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  1. #1
    Registered User dangerdave's Avatar
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    Default Changing Thru Plans to Save the AT

    Ok, let's discuss changing departure plans to mitigate the Bubble. For many, it might not be easy.

    How many of you who are planning a NOBO in the Bubble (late March or early April departure) would be willing to change your plans to help protect the AT and the wilderness it passes through?
    AKA "DANGER" AT Thru-Hiker Class of 2015

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    With all the talk about the crowd in March/April, I'm thinking of a flip flop instead starting at the DWG here in NJ. It makes sense not only to avoid the bubble, but the DWG is only 90 minutes from my house.
    Simple is good.

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    I have already made the decision to start in the first week of May, 2016. The route will be Harpers Ferry, W.Va., north to Katahdin; Harpers Ferry, W.Va., south to Springer Mountain. I would rather start early April at Springer because I love company and the Harpers Ferry, W.Va., north to Katahdin route will certainly put fewer folks on the trail.

  4. #4
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    Already wrestled with this beast for months now and came up with a flip as a best fit for me, the trail and the legacy of both as I see it. I hope more join the flippers in some fashion. It would be nice to see the bubble shrink to a manageable size for all concerned.

  5. #5
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    Are you helping the AT by avoiding the bubble?

    The bubble concentrates usage (much like shelters do), making it easier to repair high use areas.

    Also the type of people who consider changing their hike to avoid the bubble for the reason to lessen impact are the type of people who could lower overall impact by hiking in the bubble as they can influence others by their actions.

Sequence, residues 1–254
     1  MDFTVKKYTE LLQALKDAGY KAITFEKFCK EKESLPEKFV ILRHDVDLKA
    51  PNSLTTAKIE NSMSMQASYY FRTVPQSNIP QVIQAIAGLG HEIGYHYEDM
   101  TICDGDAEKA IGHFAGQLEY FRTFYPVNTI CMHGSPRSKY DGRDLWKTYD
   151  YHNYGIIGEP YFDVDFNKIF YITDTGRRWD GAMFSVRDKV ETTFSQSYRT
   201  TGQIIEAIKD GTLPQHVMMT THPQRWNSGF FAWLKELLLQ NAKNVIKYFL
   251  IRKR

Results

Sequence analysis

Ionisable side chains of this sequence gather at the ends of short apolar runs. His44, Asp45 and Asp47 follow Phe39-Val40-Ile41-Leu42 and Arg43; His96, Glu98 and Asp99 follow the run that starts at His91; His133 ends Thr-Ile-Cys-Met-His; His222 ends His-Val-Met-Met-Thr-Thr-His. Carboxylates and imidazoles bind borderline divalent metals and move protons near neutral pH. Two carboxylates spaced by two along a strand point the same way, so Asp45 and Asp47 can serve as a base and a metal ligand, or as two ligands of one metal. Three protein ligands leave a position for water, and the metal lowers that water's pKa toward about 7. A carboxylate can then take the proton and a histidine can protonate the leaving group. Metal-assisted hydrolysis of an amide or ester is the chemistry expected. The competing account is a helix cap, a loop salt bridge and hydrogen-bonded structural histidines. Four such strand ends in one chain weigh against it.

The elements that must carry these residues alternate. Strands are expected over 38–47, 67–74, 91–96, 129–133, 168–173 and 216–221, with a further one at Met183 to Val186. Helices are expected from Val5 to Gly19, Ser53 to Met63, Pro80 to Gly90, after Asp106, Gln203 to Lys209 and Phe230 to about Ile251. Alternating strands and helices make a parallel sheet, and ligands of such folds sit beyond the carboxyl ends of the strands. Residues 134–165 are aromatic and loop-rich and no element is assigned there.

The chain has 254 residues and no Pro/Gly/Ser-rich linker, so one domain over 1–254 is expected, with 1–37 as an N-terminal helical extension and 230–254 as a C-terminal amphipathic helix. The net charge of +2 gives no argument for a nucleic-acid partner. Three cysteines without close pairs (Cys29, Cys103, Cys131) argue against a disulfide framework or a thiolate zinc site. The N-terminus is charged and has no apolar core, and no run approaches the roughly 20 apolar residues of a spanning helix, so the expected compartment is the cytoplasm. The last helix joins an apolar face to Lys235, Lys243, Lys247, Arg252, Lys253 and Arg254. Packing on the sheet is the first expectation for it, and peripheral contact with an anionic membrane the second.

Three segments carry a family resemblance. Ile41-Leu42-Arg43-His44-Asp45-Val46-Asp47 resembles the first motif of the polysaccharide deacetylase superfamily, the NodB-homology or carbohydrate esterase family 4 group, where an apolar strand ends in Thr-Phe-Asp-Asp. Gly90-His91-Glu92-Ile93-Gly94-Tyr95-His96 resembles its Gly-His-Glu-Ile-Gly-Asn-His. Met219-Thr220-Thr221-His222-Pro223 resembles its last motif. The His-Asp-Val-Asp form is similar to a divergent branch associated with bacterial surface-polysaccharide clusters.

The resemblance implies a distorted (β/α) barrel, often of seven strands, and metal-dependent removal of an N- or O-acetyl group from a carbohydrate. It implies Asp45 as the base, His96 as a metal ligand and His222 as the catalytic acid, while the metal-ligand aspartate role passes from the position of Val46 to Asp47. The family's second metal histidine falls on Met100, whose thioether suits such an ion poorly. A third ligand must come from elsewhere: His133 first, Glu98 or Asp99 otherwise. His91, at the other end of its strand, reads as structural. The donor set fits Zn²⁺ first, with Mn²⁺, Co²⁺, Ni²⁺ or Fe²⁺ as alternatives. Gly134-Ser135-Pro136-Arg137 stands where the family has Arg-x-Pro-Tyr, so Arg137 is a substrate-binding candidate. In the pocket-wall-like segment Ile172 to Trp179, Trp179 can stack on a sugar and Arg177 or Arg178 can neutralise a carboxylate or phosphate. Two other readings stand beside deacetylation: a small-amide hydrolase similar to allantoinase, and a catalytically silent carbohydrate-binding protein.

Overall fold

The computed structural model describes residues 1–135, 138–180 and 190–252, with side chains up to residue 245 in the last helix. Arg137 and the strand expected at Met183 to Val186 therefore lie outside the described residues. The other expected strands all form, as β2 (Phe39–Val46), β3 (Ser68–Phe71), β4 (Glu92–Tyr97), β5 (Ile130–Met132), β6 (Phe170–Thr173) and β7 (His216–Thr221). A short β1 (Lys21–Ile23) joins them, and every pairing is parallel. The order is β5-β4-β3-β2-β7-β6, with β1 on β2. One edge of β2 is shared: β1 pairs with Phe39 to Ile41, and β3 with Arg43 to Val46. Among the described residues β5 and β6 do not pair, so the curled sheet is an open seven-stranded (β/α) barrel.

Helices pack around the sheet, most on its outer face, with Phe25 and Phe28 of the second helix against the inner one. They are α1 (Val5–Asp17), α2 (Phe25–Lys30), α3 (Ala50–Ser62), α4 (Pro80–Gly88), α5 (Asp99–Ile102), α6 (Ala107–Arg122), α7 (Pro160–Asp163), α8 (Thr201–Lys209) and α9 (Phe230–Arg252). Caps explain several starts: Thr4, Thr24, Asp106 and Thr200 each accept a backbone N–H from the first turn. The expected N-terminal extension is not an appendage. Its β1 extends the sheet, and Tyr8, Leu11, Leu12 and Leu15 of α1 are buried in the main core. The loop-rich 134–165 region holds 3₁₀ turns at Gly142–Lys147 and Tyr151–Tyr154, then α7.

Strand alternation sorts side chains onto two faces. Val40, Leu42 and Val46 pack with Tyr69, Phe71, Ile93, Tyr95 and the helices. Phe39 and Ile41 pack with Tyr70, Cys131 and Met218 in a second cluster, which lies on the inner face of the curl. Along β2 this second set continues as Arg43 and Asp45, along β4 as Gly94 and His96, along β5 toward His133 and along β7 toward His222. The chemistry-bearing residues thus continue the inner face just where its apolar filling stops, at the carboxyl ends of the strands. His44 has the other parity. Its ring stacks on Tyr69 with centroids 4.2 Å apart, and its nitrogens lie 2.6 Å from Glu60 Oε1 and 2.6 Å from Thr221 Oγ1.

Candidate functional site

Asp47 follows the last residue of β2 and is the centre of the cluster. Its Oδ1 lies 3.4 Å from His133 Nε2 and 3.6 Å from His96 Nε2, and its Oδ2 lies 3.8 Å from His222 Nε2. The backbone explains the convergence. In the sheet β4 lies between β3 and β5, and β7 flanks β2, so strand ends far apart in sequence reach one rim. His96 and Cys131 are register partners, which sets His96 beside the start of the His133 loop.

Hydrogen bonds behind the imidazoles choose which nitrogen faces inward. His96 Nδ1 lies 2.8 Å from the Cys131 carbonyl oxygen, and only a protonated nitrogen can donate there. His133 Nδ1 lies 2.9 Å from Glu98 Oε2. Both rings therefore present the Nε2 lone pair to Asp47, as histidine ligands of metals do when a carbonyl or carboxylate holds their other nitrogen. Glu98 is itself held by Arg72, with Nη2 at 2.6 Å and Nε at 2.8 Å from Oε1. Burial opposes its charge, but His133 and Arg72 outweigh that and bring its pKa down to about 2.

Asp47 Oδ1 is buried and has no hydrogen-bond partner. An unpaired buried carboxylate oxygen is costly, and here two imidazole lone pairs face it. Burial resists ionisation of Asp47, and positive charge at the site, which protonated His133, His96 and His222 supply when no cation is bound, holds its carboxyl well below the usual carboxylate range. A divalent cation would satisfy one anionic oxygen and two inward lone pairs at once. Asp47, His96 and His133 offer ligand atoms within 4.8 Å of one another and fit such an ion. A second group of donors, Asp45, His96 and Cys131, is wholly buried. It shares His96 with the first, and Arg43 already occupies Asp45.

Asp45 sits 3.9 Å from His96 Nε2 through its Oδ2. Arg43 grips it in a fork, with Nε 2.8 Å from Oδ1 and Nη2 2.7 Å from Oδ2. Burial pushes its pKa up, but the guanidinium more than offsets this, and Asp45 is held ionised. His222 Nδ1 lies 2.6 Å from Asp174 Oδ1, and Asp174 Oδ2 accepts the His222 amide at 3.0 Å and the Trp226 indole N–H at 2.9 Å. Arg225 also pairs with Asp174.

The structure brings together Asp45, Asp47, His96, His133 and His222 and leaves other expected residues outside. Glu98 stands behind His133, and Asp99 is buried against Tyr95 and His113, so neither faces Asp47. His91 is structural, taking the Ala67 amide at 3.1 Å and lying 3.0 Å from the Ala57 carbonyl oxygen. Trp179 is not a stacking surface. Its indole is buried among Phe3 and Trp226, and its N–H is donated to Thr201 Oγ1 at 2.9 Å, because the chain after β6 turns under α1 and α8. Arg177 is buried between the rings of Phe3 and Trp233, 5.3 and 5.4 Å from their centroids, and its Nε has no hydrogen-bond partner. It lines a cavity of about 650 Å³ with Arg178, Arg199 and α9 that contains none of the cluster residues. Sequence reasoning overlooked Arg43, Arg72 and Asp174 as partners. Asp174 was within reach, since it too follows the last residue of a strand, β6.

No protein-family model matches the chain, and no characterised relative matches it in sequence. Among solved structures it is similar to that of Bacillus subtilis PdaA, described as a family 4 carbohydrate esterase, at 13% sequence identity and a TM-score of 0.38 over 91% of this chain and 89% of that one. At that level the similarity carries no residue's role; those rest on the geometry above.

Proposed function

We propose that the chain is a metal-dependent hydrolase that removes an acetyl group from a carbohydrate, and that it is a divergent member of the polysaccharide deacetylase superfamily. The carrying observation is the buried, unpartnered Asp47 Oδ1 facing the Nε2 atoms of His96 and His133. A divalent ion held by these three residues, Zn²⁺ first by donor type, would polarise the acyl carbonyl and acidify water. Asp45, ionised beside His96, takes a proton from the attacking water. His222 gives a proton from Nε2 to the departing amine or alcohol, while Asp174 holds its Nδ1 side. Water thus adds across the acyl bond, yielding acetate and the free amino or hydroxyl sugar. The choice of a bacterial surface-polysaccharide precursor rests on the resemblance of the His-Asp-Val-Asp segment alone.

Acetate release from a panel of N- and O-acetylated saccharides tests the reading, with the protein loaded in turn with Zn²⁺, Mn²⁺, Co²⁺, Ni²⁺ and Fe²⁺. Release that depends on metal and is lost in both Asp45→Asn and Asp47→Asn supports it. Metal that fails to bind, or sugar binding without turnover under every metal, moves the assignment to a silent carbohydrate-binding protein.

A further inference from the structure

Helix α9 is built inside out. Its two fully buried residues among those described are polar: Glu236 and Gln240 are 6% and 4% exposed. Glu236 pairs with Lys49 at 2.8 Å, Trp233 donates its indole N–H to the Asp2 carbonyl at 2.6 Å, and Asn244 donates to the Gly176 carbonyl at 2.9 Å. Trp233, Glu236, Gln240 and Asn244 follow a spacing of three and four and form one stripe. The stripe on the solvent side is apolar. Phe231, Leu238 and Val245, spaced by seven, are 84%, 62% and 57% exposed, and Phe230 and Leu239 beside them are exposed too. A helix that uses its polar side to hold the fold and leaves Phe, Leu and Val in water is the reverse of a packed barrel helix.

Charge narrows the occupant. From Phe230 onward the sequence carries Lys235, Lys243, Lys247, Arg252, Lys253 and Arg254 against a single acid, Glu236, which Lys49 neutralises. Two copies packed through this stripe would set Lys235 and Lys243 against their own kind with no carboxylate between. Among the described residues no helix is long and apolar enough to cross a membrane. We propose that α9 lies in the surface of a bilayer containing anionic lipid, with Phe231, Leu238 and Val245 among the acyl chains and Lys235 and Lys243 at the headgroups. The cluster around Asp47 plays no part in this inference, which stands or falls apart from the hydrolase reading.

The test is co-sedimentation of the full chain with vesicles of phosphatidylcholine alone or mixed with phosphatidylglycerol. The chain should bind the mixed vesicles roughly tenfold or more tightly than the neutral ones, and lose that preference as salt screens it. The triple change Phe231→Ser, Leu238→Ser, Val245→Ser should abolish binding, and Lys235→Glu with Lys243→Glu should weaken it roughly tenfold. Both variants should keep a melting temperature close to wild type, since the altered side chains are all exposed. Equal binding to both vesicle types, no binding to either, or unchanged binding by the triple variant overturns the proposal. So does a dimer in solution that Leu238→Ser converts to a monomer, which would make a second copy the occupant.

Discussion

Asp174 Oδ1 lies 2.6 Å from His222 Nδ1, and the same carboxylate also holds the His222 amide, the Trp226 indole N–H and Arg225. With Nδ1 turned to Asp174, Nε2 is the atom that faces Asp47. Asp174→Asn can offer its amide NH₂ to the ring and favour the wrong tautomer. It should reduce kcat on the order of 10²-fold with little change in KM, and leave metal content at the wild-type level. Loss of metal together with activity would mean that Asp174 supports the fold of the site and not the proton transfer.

Now if one wants to avoid the bubble because they don't want the crowds, yes go for it, but in terms of helpfulness to the cause you may be much more valuable in then out.

  6. #6

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    Quote Originally Posted by Starchild View Post
    Are you helping the AT by avoiding the bubble?

    The bubble concentrates usage (much like shelters do), making it easier to repair high use areas.

    Also the type of people who consider changing their hike to avoid the bubble for the reason to lessen impact are the type of people who could lower overall impact by hiking in the bubble as they can influence others by their actions.

    Now if one wants to avoid the bubble because they don't want the crowds, yes go for it, but in terms of helpfulness to the cause you may be much more valuable in then out.
    Hike in the bubble and talk about hiking out of the bubble? Sounds like Chinese boxing, the art of fighting without fighting.

  7. #7

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    I'm starting 12/30, that should help. It doesn't matter what you do, it's not going to help. You can blame part of it on the movie Wild.
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  8. #8
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    Well I'm now pretty certain I'm going to start on the Benton Mackaye Trail at Springer and rejoin the AT at the beginning of the Smokies. Maybe it's not accurate to say I'm primarily motivated by a desire to "save" the AT, though I like the idea of diffusing the impact a little and I did become aware of this hike as an option through all the recent hooplah about overuse.

    There's a few other factors contributing to the decision. I'm not thrilled about how big the AT crowds are likely to be at the beginning. While I'll be rejoining the bubble in the Smokies it'll be a little thinner anyway as everyone who bailed at Neel's Gap will be long gone. I'm becoming drawn to the quietness of the BMT both as a personal challenge and to learn about what I like for future hikes. I've felt lonely on a quiet section hike before but I think some of that was because I was expecting there to be more people, I'm curious to see what the experience is like if I go into it knowing I'm really going to get my introvert on. Also I recently came to realize that I don't much care if I pass every single white AT blaze and what that might mean to anyone else.

  9. #9
    Registered User Just Bill's Avatar
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    Do what works for you-
    I applaud any hiker who realizes starting a hike April 1st at Springer isn't necessarily the best way to do it, just the most common.

    That said- if the pack of fools is still the best trip for you- Maybe the pack of conservation is the better slogan. Get together and put a little peer pressure on your fellow hikers. Pick up your ****, and the stuff others leave. Put your feces in a hole. Don't burn your un burnable trash, keep the drinking in town, the dope discreetly in the woods, and be prepared to move on or use an alternative camp when one is full.